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Giants Now (8/3): Tracking latest roster moves


Giants reach NFL's new 80-man roster limit

The Giants made a series of roster moves over the last week to reach the NFL's newly-significant roster limit of 80 players.



Free Agent Signing:

Claimed off Waivers:

Declared Non-Football Injury:

Reserve/Retired List

Reserve/COVID-19 List

Placed on Commissioner Exempt List by NFL

Contract Extension

Each team was permitted to begin training camp last week with a traditional 90-man roster. But any team remaining at that number would have to split its squad for all activities, with only half its players allowed in that team's facility at a time. The Giants have split into three workout groups for weightlifting and conditioning but most days end with full-squad walk-throughs, which would be prohibited with a 90-man roster. Any team with the larger group of players could not bring them all into its building at one time until Aug. 17, the first day of full-pads practice and when all teams must have no more than 80 players.

The Giants' roster count is currently 81, which includes running back Sandro Platzgummer of Austria, who does not count against the roster as an international pathway exemption.

View photos of the Giants' active roster as it currently stands.

OL Nick Gates signs two-year contract extension

The exact position has yet to be determined but it seems likely that Nick Gates will be part of the Giants' new-look offensive line.

That point became clearer today when the Giants signed Gates to a two-year contract extension.

A 6-6, 318-pounder, Gates is arguably the team's most versatile lineman. He started games at right guard and right tackle last season, started 25 consecutive games at left tackle at Nebraska.

When he was asked about the Giants' tackle situation prior to the NFL Draft, general manager Dave Gettleman said, "We have faith in Nick Gates…Last year he made a lot of progress. We are excited about him."

The Giants currently have openings at left tackle (where incumbent Nate Solder has elected to opt out of the 2020 season), right tackle (Mike Remmers, last year's starter, signed with the Kansas City Chiefs this offseason) and center (Jon Halapio tore his Achilles tendon in the 2019 season finale and remains unsigned).

Gates joined the Giants as a rookie free agent in 2018 and spent that entire season on injured reserve after suffering a foot injury in the preseason.

Last year, he played in all 16 games with three starts. Gates made his debut at Dallas on Sept. 8. He started at right tackle at the Jets on Nov. 10 and vs. Philadelphia on Dec. 29 and at right guard vs. Miami on Dec. 15.

View photos of offensive lineman Nick Gates.

Joe Judge adjusts to new norms at training camp

Joe Judge will try to make this football season as normal as possible, knowing it is likely improbable.

"There are unknowns in every season going in," the Giants' first-year coach said on a Zoom call with reporters today. "This year is no different, it just has a different element that we haven't dealt with before. As we go, we'll see how things change and how they shake out. Right now, we are looking to go ahead and build the strongest team we can."

That element is the elephant in the room. The worldwide coronavirus pandemic has created new norms in countless ways throughout the world. The NFL isn't immune, of course. It held its annual draft virtually, conducted offseason programs in which players learned remotely and has opened training camps in a summer that will not include preseason games. But the league is hopeful of playing a full 17-week season, which means coaches like Judge have the same goals they normally do as July flips to August – identify the best players and get them ready to play as well as they can.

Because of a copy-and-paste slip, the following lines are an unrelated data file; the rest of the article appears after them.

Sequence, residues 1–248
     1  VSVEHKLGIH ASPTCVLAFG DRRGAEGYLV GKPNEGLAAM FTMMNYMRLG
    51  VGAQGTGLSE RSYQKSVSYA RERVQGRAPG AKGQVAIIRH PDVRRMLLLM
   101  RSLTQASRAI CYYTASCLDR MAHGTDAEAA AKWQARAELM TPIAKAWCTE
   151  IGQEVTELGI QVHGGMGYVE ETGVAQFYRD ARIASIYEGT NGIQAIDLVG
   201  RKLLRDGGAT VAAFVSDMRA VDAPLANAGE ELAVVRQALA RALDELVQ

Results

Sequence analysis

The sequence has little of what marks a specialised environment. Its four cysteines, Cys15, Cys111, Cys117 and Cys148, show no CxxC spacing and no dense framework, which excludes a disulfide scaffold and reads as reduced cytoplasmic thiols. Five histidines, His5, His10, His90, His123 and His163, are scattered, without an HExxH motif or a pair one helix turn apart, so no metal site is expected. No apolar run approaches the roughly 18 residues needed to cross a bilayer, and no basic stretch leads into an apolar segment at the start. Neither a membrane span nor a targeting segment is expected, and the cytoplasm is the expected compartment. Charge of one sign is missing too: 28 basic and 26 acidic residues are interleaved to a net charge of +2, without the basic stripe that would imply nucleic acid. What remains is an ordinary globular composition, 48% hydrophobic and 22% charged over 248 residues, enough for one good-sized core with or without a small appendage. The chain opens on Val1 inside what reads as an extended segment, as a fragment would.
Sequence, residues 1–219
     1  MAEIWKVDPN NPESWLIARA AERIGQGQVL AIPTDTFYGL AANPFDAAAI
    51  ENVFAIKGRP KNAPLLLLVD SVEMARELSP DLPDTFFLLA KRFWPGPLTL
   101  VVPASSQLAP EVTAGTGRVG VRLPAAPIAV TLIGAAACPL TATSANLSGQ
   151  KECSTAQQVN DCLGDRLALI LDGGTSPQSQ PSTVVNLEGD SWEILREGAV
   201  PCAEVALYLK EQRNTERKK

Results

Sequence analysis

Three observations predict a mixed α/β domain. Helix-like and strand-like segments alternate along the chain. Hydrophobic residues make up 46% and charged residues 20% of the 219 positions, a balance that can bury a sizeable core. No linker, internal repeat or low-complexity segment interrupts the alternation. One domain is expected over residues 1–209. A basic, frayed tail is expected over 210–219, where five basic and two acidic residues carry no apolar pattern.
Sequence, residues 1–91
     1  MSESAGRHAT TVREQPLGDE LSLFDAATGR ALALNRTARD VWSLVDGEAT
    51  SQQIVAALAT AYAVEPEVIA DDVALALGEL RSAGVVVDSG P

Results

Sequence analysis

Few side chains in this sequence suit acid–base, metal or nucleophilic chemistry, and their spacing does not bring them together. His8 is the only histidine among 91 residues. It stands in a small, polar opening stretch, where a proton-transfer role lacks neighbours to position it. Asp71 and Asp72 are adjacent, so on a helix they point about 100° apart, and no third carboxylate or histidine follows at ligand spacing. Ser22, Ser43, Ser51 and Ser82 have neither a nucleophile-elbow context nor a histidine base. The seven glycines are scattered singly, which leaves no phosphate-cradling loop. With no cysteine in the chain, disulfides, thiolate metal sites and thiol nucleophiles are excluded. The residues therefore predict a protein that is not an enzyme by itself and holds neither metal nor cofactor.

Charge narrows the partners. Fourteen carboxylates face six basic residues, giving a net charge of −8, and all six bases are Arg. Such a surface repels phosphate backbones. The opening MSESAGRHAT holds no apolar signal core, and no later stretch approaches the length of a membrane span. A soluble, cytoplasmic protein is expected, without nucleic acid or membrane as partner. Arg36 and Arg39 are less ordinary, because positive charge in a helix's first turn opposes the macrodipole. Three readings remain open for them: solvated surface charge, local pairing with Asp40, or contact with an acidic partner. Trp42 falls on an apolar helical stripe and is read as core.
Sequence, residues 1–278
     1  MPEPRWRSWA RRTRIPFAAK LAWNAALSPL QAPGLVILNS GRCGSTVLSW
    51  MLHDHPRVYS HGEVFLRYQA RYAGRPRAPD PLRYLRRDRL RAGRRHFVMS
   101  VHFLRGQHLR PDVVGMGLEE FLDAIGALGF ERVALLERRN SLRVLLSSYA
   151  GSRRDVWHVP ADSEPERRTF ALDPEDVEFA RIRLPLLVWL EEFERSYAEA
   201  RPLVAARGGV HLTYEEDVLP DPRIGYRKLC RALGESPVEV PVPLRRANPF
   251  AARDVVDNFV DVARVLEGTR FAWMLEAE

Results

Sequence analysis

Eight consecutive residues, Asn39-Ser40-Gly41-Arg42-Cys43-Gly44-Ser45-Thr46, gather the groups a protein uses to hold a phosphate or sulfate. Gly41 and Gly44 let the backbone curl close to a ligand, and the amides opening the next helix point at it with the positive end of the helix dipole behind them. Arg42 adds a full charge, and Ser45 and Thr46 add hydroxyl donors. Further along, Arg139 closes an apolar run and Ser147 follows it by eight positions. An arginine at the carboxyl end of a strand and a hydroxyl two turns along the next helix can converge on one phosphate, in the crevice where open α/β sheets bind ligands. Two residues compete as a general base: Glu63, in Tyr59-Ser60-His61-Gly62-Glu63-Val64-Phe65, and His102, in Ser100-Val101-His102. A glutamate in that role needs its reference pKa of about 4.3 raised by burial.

Beyond that, Judge and all coaches want and urge their players to make smart decisions away from the field and locker room. Those conversations are held with a heightened poignancy this year.

"The first thing we have to all understand is, everyone at this level has sacrificed to get here," Judge said. "We're going to have to make some more sacrifices, whether that's socially away from the game, how we interact with friends and family members throughout this season. But we have to make the right decisions. The biggest thing is everyone has to understand that all of our decisions directly impact each other. It's not fair for me to go out and do something and put myself at risk and come in here and get players sick. That's not my right. I'm not entitled to do that. We have to all make the right decisions, both in the building following the protocols and away from the building. I think ultimately as a league, we just need to trust that the plan in place that the league put, make sure we adhere to the protocols, make sure we wear the PPEs. Let's be careful, let's be cautious, but we can operate aggressively if we just follow the plan in place.

"I have a lot of trust in the plan put forth by the league. We spent a lot of time on this. When these players left, we signed off and took vacations. As coaches, we took a little bit of a break for about a month. It was 24/7 around the clock really working on making sure we got the facilities in order that we can bring our players in and have them work safely. We are doing everything we can, not just to be compliant but making sure we are staying ahead of issues that may arise. We are trying to educate our players on a daily basis. We have to enforce the rules as coaches. We have to rely on the leadership on the team to build the culture in the locker room. Right now, we have 16 games on the schedule and I'm looking forward to playing every one of them."


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